In the late morning of December 3, less than a week after the Grace Ranch summit, Gus Greenbaum’s housekeeper happened upon a grisly scene in the Greenbaum bedroom. Still in silk pajamas, Gus Greenbaum’s corpse lay across his bed, his head nearly severed by a vicious swipe from a butcher knife. On a sofa in the den fifty feet away was found the body of Gus’ wife, Bess, also the victim of a slashed throat. Although no one was ever charged in the murders, the killings were widely believed to represent a Bugsy redux, i.e., the fastest way to effect a managerial change in Sin City. If in fact the Greenbaum murder was sanctioned by the Four Joes, the killing of Bess was a potent departure from the Outfit’s rule that prohibited involvement of innocent family members. There is also the distinct possibility that the hired killer overstepped his authority in an effort to dispose of a witness. Chicago insiders believe that the hit was authorized by the Riviera’s Miami investors, since police learned that two suspicious men had arrived from Miami the day of the murders, only to return to Miami that very night. Lending credence to this scenario was a conversation Johnny Rosselli had with Jimmy Fratianno two years after the murders. When Fratianno brought up the Greenbaum killings, Rosselli said, “That was Meyer’s contract.” Meyer Lansky was of course well-established in Miami and was an investor with his fellow Floridians in Greenbaum’s Riviera.

Back in Phoenix, the Greenbaums’ funeral was attended by three hundred mourners, among them Senator Barry Goldwater.

All the while in Washington, the McClellan hearings churned on. For the Outfit, the tribunal was little more than a nuisance, with the gang having to dodge a spate of congressional subpoenas. Eventually, some of the bosses appeared, only to plead the Fifth Amendment ad nauseam.1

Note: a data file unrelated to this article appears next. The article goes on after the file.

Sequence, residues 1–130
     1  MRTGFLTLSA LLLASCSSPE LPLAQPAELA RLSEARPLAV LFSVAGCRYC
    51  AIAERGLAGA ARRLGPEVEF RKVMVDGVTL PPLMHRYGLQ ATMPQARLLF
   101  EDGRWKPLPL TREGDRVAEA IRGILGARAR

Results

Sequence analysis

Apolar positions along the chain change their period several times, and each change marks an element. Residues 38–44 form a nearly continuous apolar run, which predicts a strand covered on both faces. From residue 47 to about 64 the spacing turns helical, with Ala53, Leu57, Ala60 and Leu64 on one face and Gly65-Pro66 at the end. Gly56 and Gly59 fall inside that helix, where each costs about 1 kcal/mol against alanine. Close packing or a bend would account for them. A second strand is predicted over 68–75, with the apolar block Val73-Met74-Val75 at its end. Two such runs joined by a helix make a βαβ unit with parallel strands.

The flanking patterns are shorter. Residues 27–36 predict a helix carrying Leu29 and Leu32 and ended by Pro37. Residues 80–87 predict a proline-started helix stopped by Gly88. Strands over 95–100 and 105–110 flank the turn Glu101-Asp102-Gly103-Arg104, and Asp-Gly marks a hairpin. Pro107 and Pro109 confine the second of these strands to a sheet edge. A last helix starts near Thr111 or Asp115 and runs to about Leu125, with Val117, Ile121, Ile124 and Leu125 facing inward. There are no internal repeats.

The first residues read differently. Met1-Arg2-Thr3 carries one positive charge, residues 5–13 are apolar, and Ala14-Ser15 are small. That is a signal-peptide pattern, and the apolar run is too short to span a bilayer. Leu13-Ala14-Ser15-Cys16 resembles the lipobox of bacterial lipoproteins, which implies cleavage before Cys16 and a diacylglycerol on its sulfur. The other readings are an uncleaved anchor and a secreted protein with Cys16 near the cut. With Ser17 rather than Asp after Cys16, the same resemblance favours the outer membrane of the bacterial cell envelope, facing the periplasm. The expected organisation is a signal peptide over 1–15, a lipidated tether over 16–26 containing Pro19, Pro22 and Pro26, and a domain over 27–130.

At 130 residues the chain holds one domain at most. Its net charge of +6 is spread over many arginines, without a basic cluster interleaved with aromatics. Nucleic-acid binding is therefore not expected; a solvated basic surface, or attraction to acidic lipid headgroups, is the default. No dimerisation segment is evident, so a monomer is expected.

Bobby Kennedy expressed a strong initial interest in hearing from Curly Humphreys on the subject of his alleged anointment of Hoffa. According to files in the Chicago Crime Commission (CCC), Kennedy’s investigators were also interested in Humphreys’ control over the Chicago Restaurant Association and the Hotel and Restaurant Employees Union. “Books of the Union have been sub-poenaed [by the committee] and restaurant owners and workers are being interviewed throughout the city,” a CCC memo noted. Chicagoans were therefore shocked when the Welshman never appeared before the McClellan Committee. The mystery was resolved on February 25, 1959, while Robert Kennedy was grilling Chicago slot king Eddie Vogel. Kennedy was essentially reading “for the record,” since Vogel pled the Fifth to all questions posed. While ticking off the names of various gangsters with whom Vogel was associated, Kennedy included: “Rocco Fischetti, Charles Fischetti, who is now dead; Murray ’the Camel’ Humphreys, who is now dead . . .” (Italics added.) The committee had somehow been led to believe that the very much alive Humphreys had passed on.

At least one connected Chicagoan was wise to the scam. Mayor Daley’s intelligence chief, Jack Clarke, laughed recently when the incident was brought up. Clarke had assisted the committee’s staff on occasion, as when they tried to locate Outfit leaders. “The committee had hired some local detectives to do their skip-tracing,” Clarke remembers. “Humphreys slipped them some C-notes and told them to report back that he had died. Apparently, Bobby bought it.”